Nature & Science
Dry Tortugas National Park lies at the farthest end of the Florida Keys, closer to Cuba than to the American mainland. To reach this remote ocean wilderness one must travel by boat or plane over 68 nautical miles of open sea. The park is home to historical and natural wonders above and below the water's surface and has long been an inspiration to visitors.
The park's coral and sea grass communities are among the most vibrant in the Florida Keys. The Sooty Tern finds its only regular nesting site in the United States on Bush Key, adjacent to Fort Jefferson. Large sea turtles lumber onto the park's protected beaches each summer to bury their clutches of eggs. These and other wonders make this park a truly one-of-a-kind place.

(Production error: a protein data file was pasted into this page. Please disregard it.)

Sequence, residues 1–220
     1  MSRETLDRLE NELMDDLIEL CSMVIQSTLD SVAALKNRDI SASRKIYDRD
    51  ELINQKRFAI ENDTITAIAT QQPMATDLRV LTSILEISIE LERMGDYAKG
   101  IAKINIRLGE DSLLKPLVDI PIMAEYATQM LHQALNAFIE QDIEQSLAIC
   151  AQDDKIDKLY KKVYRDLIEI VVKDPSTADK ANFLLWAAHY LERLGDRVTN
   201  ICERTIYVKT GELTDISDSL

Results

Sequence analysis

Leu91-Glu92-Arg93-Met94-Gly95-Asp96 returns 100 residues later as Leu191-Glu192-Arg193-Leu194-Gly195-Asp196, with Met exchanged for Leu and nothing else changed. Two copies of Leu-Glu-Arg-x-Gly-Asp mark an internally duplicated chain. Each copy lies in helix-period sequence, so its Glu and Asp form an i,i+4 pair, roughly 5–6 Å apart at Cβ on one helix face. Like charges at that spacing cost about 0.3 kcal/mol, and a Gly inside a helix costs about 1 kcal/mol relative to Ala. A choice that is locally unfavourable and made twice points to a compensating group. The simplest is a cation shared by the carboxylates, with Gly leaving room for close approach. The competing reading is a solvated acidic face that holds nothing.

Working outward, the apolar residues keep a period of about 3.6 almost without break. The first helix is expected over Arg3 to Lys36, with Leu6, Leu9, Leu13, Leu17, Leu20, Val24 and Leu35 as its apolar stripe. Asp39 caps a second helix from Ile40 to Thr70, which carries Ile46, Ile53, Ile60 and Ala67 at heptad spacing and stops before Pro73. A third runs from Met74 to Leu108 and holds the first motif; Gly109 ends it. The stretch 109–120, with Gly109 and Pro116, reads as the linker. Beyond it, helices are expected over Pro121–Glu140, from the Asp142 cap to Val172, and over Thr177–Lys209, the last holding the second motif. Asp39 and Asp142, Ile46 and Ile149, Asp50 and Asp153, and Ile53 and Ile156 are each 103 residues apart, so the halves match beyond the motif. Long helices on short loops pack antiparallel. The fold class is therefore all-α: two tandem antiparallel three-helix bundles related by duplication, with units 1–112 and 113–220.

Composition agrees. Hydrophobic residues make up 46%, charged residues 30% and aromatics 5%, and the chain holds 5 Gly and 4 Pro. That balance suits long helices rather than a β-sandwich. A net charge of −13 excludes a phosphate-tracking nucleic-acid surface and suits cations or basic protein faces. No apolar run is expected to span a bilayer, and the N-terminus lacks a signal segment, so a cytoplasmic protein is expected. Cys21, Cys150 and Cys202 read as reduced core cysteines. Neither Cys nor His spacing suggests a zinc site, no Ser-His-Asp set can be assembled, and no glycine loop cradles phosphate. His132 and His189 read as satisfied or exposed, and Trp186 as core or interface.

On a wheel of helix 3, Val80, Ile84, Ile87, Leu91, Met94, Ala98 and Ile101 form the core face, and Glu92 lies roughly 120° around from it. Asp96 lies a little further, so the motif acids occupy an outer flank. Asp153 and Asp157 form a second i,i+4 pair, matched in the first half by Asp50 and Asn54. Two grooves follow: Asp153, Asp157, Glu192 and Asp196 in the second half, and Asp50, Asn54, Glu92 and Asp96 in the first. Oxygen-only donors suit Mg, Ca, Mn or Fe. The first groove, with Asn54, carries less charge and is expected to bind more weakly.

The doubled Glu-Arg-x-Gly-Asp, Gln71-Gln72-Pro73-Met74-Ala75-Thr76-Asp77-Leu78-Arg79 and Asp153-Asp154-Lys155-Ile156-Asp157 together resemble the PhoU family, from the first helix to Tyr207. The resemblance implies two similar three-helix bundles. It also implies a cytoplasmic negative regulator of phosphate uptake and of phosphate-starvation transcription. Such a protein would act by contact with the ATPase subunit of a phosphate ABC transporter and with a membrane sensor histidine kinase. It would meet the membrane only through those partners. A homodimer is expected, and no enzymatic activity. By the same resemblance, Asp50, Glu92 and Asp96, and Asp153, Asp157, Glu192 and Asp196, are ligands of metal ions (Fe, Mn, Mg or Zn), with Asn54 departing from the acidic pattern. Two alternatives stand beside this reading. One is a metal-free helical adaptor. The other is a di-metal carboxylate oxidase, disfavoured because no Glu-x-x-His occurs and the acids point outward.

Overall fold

Did You Know?
The islands of the Dry Tortugas are in a constant state of flux. Due to the errosive effects of tropical storms, shorelines are constantly being reshaped. In fact, entire islands have been know to disappear or reform following the passage of particularly violent hurricanes.